The first riddle we have here is what exactly does the title mean? The programmer at the Edinburgh International Film Festival went with the de Beauvoir idea that "women are made not born", though she quoted Dworkin co-opting this poor translation. The full Dworkin quotation offered is: "Woman is not born: she is made. In the making, her humanity is destroyed. She becomes symbol of this, symbol of that: mother of the earth, slut of the universe; but she never becomes herself because it is forbidden for her to do so.". I find this a slightly ludicrous statement, as if it's implying that men by contrast are not subject to intensive (and ruinous) social conditioning and abstraction by the opposite sex, when quite patently we are. It's worth having feminist ideology in mind though whilst watching this film as it is a good way of understanding the commentary offered on the various men in the film.
My take on the meaning is to link the title to the melancholy lyric of a song played near the end, "too late to create a world with care", that is, the world is already made, Pandora's box is already opened never to be closed again (recognising the irony of using the term in a review of a feminist or at least superficially feminist film).
The film is often marketed as being about an affair between a housewife and a rock star, however Valerie is more of a working mum, and there are three men in the movie with designs on her. Pop star Mike Preston is outwardly charming and modern, but really this charm is a teflon shield he holds in front of his sophistry, Father Dyson is the local priest who abuses his position of trust to woo Valerie, whilst Mahdav is an Indian immigrant who is university educated and the boss at the switchboard where Valerie works.
Each of these men are deconstructed. Father Dyson and Mike Preston are shown as equivalents (after being set up as opposite poles) in staggering scenes where they feed off of Valerie's grief, Father Dyson for a sermon, and Mike Preston for his sermon equivalent, a pop song. Dyson records his sermon and sits in a church listening to himself on playback, whilst Preston does the same in a recording studio. I think there's an idea here that men are systematisers, expanding their observations into grandiose theories, going from the specific to the general, whereas women understand people on a case-by-case basis. To quote from Dworkin myself: "While gossip among women is universally ridiculed as low and trivial, gossip among men, especially if it is about women, is called theory, or idea, or fact."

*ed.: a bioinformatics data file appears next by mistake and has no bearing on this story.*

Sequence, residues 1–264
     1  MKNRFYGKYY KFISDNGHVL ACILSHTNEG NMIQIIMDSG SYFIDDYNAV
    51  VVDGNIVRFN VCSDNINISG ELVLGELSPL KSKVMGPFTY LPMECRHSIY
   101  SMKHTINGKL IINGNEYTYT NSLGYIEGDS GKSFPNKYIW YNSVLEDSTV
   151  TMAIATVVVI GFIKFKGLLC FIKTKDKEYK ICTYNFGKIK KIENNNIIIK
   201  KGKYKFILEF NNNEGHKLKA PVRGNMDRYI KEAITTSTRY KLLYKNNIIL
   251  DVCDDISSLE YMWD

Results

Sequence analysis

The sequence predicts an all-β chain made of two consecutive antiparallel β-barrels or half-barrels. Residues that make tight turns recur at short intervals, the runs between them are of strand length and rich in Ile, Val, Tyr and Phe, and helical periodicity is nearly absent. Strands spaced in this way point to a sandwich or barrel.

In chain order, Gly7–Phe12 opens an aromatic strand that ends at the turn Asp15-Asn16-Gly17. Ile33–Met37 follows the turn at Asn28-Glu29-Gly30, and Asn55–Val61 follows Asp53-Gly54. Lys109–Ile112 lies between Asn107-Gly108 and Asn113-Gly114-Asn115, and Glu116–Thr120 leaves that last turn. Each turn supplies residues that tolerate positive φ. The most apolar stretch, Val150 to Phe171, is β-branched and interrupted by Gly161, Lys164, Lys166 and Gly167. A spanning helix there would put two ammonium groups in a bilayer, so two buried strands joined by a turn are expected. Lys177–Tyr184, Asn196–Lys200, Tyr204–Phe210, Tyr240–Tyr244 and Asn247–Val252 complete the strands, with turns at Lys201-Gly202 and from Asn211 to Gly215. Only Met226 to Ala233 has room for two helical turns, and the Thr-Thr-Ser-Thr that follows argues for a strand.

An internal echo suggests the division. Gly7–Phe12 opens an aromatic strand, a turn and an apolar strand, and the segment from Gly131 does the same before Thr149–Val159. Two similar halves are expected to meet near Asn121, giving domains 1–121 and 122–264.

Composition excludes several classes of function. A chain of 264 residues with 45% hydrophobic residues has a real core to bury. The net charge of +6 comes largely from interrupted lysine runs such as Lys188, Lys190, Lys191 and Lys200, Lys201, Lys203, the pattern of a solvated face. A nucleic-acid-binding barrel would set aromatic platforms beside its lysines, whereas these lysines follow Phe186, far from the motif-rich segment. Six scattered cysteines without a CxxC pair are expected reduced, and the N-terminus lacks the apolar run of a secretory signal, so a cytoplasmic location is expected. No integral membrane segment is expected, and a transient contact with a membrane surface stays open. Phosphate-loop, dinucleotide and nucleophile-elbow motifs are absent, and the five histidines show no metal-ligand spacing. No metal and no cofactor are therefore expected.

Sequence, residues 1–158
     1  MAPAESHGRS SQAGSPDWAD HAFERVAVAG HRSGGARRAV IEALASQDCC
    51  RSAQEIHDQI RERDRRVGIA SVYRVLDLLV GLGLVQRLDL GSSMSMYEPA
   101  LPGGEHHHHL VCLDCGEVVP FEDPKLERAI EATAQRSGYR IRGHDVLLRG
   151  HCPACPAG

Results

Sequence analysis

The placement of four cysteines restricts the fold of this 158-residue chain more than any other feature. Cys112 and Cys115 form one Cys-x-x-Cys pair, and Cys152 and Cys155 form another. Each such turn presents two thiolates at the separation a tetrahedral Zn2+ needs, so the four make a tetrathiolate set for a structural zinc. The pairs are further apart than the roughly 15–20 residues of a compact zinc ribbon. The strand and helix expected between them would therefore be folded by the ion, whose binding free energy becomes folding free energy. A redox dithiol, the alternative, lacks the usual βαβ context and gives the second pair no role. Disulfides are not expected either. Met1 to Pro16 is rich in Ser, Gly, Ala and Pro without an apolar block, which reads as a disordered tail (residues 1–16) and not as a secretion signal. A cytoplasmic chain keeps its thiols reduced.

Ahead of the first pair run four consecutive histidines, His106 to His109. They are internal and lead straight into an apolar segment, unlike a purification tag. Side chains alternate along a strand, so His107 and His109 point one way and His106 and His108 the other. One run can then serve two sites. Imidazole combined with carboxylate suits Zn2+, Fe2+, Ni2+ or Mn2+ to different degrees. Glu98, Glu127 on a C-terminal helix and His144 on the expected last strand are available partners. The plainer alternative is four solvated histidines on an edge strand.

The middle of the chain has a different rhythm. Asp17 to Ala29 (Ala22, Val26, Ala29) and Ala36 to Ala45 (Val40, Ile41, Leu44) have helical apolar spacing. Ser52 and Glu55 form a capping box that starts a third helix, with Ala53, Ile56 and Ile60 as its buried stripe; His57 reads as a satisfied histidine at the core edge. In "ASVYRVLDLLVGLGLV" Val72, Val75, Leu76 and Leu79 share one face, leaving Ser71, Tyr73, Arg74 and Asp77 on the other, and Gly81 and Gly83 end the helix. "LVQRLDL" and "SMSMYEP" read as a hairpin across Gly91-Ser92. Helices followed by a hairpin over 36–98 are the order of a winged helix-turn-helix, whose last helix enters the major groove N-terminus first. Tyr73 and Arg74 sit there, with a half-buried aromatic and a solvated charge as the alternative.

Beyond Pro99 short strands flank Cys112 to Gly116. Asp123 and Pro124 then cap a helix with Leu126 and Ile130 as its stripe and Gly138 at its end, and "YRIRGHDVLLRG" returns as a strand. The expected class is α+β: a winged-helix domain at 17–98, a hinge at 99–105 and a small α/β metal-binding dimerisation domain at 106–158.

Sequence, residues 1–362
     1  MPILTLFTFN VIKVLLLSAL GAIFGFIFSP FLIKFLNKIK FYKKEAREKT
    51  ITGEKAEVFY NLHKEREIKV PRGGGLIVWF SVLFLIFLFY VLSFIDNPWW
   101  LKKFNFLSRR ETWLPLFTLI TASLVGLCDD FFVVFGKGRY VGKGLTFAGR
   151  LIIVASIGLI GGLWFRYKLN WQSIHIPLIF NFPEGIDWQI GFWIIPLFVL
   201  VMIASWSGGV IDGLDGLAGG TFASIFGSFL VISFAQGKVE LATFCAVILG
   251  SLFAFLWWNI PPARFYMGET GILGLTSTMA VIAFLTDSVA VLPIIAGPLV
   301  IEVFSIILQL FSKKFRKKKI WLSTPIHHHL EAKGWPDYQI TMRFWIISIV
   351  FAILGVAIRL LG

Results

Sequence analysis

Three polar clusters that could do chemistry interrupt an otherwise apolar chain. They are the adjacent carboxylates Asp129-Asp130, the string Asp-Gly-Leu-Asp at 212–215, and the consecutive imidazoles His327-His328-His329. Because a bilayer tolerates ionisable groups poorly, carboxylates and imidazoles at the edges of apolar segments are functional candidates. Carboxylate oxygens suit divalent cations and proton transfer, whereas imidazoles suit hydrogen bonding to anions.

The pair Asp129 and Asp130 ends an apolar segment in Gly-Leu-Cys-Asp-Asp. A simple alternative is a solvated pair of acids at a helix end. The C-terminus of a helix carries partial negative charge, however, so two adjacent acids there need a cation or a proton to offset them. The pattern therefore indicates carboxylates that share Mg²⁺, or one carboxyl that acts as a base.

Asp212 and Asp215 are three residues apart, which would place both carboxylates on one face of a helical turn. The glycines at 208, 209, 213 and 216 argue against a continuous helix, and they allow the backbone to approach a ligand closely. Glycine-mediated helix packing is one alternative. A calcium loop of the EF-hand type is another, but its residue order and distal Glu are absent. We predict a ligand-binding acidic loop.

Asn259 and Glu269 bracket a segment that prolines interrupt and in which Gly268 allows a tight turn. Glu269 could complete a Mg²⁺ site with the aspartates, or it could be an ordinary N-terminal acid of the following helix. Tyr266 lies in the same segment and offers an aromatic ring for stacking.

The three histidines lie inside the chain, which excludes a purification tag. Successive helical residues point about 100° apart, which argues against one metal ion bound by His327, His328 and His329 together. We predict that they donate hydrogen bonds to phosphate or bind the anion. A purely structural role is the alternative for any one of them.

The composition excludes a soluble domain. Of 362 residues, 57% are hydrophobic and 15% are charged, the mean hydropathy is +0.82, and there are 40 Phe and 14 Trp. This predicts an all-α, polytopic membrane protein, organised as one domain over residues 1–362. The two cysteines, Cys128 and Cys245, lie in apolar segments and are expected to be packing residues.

Mahdav is a fantasist who interprets a roll in the sack with Valerie as meaning she wants to marry him, he treats her as an object of veneration. He's deeply insensitive, and, like Preston, uses her grief as an opportunity to get closer to her.
Maybe the film is about how confused people become by their own ideologies. I know a young lady who quite confidently told me that a man's weight is not important in terms of attractiveness (the ideology), a couple of weeks later she is telling me of her alarm that her boyfriend is putting on weight, and her action plan to sort that out (the practise). The programmer of the festival, having quoted Dworkin, then complained about the director's lack of chivalry in revealing that he had slept with actress Carole Barker on set (chivalry being an opposite concept based on the concept of the weakness of women). People take themselves very seriously, I for example am sat here re-reading what I have been writing, using the movie as fodder for my sermon.
The movie becomes a Satan's Brew in the end, none of the characters end up being likable, and the film pines for the playground, which is supposedly a pure state, a quite iconic black and white shot of an iron maypole with chains dangling down and coming to a halt symbolises this. I don't think you can call Valerie a heroine either, once you've got past her beauty (something that the men in the film can't do) she is quite cynical, "I don't think people are that lovable really", and simple. Ah what a wicked wicked film.
Apparently the inspiration for the movie is the Beatles' song Eleanor Rigby ("All the lonely people/Where do they all come from?"). One of the lyrics is pretty reflexive for the film, given the director's own name (Mackenzie), "Father McKenzie writing the words of a sermon that no one will hear", especially as this film remains little known and the programmers had to instigate a dig around in the archives at the distributor to even find a copy.
Just to note that it's very well shot at all times, in particular there's a montage of baby items that is quite staggering, won't spoil the context.